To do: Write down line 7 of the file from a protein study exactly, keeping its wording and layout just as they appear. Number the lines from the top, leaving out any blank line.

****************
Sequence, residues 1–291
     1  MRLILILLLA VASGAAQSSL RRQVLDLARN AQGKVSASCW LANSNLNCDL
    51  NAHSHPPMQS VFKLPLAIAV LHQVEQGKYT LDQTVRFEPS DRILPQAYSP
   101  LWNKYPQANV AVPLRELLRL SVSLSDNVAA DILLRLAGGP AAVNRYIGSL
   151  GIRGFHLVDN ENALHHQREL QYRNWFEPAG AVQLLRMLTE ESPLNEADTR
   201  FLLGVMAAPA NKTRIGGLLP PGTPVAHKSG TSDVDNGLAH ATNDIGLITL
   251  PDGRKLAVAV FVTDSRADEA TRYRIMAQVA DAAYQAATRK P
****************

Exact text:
   251  PDGRKLAVAV FVTDSRADEA TRYRIMAQVA DAAYQAATRK P